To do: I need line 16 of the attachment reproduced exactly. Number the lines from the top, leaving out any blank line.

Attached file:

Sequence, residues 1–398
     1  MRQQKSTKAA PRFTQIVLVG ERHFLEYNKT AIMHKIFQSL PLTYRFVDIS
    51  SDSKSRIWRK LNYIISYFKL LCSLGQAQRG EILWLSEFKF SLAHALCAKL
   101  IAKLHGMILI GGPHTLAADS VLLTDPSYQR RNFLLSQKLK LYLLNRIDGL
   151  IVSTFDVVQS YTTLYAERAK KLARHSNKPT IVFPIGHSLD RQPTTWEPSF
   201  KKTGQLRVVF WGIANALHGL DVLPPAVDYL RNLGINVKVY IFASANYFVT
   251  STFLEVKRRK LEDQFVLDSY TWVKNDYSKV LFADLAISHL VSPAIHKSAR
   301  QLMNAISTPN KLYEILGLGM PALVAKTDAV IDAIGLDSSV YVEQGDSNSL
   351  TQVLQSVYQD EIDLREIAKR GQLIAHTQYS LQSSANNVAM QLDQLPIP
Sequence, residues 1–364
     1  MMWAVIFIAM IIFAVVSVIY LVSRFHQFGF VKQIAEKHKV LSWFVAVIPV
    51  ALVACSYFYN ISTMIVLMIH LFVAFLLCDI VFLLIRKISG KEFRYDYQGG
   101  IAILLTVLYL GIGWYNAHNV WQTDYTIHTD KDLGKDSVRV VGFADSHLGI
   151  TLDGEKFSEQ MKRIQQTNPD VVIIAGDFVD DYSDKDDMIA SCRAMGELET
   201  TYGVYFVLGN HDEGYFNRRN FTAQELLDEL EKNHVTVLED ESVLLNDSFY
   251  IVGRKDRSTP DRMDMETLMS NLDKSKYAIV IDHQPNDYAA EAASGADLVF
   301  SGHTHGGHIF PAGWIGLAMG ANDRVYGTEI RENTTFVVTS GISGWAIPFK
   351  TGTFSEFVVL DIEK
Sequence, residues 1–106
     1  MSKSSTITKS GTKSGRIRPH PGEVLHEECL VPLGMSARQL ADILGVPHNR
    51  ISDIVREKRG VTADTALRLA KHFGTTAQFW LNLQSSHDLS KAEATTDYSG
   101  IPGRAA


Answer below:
   251  IVGRKDRSTP DRMDMETLMS NLDKSKYAIV IDHQPNDYAA EAASGADLVF